A quick and digestible look at the most top-of-mind Rockets news of the past few days.
Sports Illustrated. James Harden, the NBA’s unlikely MVP.
“The private plane that transported James Harden into Texas on the morning of Oct. 28, 2012, was silent except for the muffled beats leaking from his chunky headphones… He had just spent the summer on the U.S. Olympic team, with Thunder running mates Kevin Durant and Russell Westbrook, fantasizing about the championships they seemed destined to capture. What do I do now? Harden asked himself. He was going from sixth man on a budding dynasty to leading man on a bubble team…”
Nylon Calculus. The Rockets without Dwight Howard.
“James Harden put on a one man show against the Phoenix Suns last Tuesday with 40 points, 9 assists, 12 rebounds, 3 steals, and a block. He did all while his would-be partner-in-crime Dwight Howard looked on in an, as noted by friend of the site Charles Barkley, an equally impressive suit. Other than lacking some of the post moves of traditional bigs, Howard has seemed the perfect complement to Harden in a Moreyball system that keeps Harden slashing to the basket or behind the three-point line and Howard rolling out of pick-and-rolls like a man possessed.”
I’ve had a few tweets directed towards me, and seen some others retweeted by people I follow, underscoring the disparity in Goran Dragic’s career averages. Essentially, he played out of his mind last season, and has regressed to his career median again this year. I’m not exactly sure what’s being insinuated here. This isn’t exactly some novel discovery here. I thought it was pretty common knowledge that he had a career year last season and has tailed off in 2015 in having to play off the ball alongside two other point guards. What’s everyone’s point?
The question of value is a recurrent theme in sports, especially in the NBA where an artificial cap pervades. In a vacuum, Dragic isn’t worth the contract it will likely take this summer to keep him in Houston, if the Rockets are able to swing a trade. In a vacuum, maybe Chris Bosh wasn’t worth it either. Very few players are absolutely worth their max figures, in vacuo of external considerations. James Harden fits that bill; Dwight, even despite his injury problems, probably still is as well, for what he brings defensively alone.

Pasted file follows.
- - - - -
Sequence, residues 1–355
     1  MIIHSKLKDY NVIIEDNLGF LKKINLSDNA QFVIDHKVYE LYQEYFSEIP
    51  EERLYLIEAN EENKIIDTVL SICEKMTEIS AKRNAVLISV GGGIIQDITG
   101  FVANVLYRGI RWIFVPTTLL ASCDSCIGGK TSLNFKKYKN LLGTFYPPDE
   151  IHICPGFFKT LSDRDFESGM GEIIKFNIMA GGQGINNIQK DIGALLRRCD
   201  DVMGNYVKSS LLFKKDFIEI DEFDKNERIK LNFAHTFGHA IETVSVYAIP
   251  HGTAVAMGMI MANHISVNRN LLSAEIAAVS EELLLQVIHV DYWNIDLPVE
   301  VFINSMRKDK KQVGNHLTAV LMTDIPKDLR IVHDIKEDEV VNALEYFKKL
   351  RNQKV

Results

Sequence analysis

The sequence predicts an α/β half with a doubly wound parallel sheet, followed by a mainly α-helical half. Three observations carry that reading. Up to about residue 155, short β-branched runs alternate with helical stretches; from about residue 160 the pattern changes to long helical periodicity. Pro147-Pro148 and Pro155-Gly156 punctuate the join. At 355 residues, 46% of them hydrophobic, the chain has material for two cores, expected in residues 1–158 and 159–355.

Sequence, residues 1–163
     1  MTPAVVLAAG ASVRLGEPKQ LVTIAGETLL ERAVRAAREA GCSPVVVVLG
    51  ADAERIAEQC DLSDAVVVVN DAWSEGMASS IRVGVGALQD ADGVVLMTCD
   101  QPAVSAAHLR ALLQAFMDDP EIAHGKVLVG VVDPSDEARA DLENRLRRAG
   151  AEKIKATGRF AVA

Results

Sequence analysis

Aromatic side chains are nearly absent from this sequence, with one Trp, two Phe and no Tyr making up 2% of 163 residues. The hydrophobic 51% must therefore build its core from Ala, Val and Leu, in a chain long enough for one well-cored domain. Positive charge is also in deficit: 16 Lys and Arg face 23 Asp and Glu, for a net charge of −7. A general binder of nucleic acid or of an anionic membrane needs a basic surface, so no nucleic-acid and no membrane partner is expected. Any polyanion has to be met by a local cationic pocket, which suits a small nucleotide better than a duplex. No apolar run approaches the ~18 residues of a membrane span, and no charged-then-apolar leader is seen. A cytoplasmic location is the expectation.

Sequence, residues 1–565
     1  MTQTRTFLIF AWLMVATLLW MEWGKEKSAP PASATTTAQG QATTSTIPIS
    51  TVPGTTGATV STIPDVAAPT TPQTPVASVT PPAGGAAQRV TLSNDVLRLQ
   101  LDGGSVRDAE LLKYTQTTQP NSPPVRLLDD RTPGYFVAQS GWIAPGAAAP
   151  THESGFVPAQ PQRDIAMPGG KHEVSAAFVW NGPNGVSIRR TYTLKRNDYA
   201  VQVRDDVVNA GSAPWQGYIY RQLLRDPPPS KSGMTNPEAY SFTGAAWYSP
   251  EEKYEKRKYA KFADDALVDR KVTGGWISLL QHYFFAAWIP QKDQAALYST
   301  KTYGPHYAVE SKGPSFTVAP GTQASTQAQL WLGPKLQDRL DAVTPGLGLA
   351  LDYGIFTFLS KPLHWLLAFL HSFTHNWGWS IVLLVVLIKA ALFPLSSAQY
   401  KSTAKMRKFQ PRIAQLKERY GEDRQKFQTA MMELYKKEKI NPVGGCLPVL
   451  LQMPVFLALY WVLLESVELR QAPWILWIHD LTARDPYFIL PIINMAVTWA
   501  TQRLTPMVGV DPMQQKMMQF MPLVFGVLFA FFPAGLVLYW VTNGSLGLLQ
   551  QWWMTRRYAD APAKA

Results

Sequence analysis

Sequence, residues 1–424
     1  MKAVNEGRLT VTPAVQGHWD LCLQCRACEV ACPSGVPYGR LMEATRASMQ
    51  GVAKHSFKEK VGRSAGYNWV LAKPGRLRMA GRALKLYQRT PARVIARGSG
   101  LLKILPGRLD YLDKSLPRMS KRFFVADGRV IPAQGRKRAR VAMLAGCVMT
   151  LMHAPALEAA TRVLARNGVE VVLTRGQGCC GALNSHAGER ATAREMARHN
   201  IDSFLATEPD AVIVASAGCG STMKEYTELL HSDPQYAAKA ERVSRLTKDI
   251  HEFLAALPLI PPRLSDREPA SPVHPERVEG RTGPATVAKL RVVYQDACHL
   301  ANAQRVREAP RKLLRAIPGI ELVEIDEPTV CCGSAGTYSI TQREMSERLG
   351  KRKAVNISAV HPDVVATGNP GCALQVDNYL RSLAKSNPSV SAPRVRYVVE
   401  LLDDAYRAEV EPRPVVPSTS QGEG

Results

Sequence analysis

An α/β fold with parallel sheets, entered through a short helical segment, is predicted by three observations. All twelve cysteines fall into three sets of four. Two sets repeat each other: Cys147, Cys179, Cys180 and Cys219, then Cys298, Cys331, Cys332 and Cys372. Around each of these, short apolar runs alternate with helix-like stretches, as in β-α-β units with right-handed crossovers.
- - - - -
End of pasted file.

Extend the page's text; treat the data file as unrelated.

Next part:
Dragic means more to Houston, in theory, because he would represent what they would believe to be their missing piece. They would be willing to pay more than he is actually worth because they would believe he would complete them. Moreover, compounding this point are the time constraints and financial realities of the salary cap. Houston can’t wait around for someone who might truly be worth the max to become available, because they are operating on Dwight Howard’s diminishing timeline. Further, and even more importantly, the longer the Rockets wait, the longer they remain in the holding pattern they’ve been in for years whereby they have had to sacrifice continuity for the sake of flexibility. For instance, let’s say there’s only ten other guys in the league who you feel are truly worth a max contract. If you think you’re not going to move until one of those guys becomes available, you can’t resign any of your role players in the interim, the way the Rockets had to let Chandler Parsons walk this summer. If Houston gets Dragic, it can work to keep Corey Brewer and Josh Smith as well.
So the question isn’t whether Goran Dragic is worth the max. In a vacuum, he’s not. The question is whether he can be the final piece of a championship core that already includes James Harden and Dwight Howard. Resoundingly, I think that answer is yes, especially when weighing the odds and difficulty of acquiring anyone else.